Islam has roots in the faith of Abraham, who called people to worship One God and is often referred to as one of the ‘Abrahamic’ (monotheistic) faiths, together with Judaism and Christianity. Like the Bible, the Qur’an mentions prophets, angels, (see: Six Articles of Faith) miracles, good and bad deeds, reward and punishment, repentance and forgiveness, Heaven and Hell, Adam and Eve, the Torah and the Gospel and many other things that are familiar to the Western tradition.
The word ‘Islam’ comes from the Arabic word ‘aslama’, meaning ‘peace’ and ‘submission’. The essence of Islam is that one should acknowledge the Creator and submit to His guidance (see: Pillars of Islam), which leads to peace and fulfillment in this world and the Next.
Muslims believe that Divine guidance has been sent to all peoples on earth at one time or another. God’s guidance has been carefully preserved for the benefit of people today in the Qur’an, and the Sunnah of the final Prophet, Muhammad ﷺ (peace and blessings be upon him).
The word Muslim means anyone or anything that surrenders itself to the true will of God. This is done by declaring that “there is no god except one God and Muhammad is the messenger of God.” In a broader sense, anyone who willingly submits to the will of God is a Muslim. One cannot judge Islam by looking at those individuals who have a Muslim name but in their actions, they are not living or behaving as Muslims.
“Allah” is not the “Muslim God”. Allah is the Arabic word for God, used by Muslims and Arabic speaking Christians long before Islam existed (the name Allah was used). It is a unique term since it has no gender and no plural forms. He has 99 names, which describe His attributes. Allah is unlike anyone or anything imaginable. No one has the right to be invoked, supplicated, prayed to, or shown any act of worship, but God alone.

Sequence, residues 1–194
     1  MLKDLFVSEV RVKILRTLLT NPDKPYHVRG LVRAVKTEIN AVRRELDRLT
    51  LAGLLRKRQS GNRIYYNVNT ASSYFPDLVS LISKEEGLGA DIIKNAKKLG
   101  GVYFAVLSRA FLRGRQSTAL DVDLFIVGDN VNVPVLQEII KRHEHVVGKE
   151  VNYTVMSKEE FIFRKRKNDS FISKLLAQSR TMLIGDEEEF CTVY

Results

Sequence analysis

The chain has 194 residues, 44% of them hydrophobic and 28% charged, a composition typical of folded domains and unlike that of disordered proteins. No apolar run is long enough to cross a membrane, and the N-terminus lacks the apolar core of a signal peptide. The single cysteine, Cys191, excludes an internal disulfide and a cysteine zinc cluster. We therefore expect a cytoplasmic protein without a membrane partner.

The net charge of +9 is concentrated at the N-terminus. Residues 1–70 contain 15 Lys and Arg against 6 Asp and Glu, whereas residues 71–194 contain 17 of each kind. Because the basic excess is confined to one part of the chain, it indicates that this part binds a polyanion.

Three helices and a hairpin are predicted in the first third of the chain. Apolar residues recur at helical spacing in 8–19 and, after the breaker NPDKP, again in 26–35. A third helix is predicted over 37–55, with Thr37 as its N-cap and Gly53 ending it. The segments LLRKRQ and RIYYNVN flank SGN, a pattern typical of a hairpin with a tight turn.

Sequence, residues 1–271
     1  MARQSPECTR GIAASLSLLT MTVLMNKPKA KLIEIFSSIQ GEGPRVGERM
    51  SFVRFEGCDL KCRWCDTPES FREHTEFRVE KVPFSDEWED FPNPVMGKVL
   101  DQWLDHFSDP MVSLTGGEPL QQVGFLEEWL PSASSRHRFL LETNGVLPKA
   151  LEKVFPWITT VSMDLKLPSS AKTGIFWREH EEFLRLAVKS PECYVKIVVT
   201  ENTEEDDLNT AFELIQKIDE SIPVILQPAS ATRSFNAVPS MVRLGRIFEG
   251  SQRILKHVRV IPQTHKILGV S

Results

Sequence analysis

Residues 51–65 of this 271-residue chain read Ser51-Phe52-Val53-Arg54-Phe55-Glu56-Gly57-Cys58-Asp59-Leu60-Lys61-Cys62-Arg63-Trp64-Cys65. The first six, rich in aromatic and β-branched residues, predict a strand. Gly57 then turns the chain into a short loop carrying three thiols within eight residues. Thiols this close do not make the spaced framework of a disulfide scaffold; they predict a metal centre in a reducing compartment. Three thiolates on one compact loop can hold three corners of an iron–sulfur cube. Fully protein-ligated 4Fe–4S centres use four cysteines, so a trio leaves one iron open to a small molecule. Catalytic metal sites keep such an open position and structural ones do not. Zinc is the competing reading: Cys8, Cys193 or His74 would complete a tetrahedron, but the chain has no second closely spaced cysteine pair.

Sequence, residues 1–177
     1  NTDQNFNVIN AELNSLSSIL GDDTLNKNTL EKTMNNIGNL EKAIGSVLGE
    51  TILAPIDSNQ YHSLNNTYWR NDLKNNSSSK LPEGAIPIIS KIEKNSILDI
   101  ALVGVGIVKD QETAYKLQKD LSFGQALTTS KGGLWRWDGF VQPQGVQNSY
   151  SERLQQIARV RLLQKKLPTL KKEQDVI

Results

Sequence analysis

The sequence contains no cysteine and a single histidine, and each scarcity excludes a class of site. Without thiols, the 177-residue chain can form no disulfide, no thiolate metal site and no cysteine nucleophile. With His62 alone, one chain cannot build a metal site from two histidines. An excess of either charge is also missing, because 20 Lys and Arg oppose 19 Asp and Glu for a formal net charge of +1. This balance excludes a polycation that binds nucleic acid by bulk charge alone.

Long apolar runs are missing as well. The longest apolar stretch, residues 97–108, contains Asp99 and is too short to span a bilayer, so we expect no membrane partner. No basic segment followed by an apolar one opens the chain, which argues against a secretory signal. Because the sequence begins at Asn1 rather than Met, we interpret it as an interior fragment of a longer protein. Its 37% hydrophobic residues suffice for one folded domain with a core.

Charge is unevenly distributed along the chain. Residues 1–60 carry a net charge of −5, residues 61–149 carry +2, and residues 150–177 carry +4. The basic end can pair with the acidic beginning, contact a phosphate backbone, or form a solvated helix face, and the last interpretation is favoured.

Prophet Muhammad (peace be upon him) is the final messenger in a long line of messengers sent by God—including Adam, Abraham, Moses, and Jesus (peace be upon them). He was born in Makkah in the year 571 A.D. As he grew up, he became known for his truthfulness, generosity, and sincerity so much that he was sought after for his ability to arbitrate in disputes. Muhammad is a human and a messenger of God, he is never to be worshiped, worship is reserved exclusively to the creator.
Yes, we do. In Islam, Jesus “Isa” (peace be upon him) is a prophet. The Quran tells us that Jesus was born of a miraculous birth without a father. “Lo! The likeness of Jesus with Allah is the likeness of Adam. He created him of dust, and then He said unto him: Be and he is” (Quran 3.59). Muslims revere Jesus as a messenger God, but we do not worship him.
The Quran is a record of the exact words revealed by God through the Angel Gabriel to the Prophet Muhammad (peace be upon him). It was memorized by Muhammad (peace be upon him) and then dictated to his companions, and written down by scribes, who cross-checked it during his lifetime. The Qur’an has been preserved in the original language of revelation, and it is taught and recited all over the Muslim world.
Actually, they don’t. Islam, Judaism, and Christianity go back to the prophet and patriarch Abraham (Ibrahim), and their prophets are directly descended from his sons – Muhammad from the eldest son, Ishmael, and Moses and Jesus from Isaac. Abraham established the settlement that today is the city of Makkah (Mecca) and built a cubed-shaped building called the Kaa’ba, which Muslims turn towards daily when they pray.
Sharia is the comprehensive Muslim law derived from two sources, a) the Quran b) the Sunnah or traditions of Prophet Muhammad (P). It covers every aspect of daily individual and collective living such as; family, business, crime, politics, Judicial matters and etc. Sharia law is derived by scholars through interpretations of Islam’s canonical texts, the Qur’an and Hadith (sayings and actions of Muhammad).
The term Jihad is often mistranslated as “holy war“. It literally means, “struggle”, and it takes many forms: a spiritual struggle against one’s self, a personal struggle to make one’s environment better, a community’s non-violent struggle against injustice, and a nation’s military or diplomatic struggle against oppression.